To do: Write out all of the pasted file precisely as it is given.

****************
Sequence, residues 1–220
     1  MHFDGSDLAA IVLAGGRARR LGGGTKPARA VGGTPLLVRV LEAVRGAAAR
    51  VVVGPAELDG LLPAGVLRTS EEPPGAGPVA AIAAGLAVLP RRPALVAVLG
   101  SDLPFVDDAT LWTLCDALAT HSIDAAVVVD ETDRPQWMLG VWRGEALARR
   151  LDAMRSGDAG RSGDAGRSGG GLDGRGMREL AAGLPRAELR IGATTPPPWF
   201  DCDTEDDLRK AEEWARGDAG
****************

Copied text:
Sequence, residues 1–220
     1  MHFDGSDLAA IVLAGGRARR LGGGTKPARA VGGTPLLVRV LEAVRGAAAR
    51  VVVGPAELDG LLPAGVLRTS EEPPGAGPVA AIAAGLAVLP RRPALVAVLG
   101  SDLPFVDDAT LWTLCDALAT HSIDAAVVVD ETDRPQWMLG VWRGEALARR
   151  LDAMRSGDAG RSGDAGRSGG GLDGRGMREL AAGLPRAELR IGATTPPPWF
   201  DCDTEDDLRK AEEWARGDAG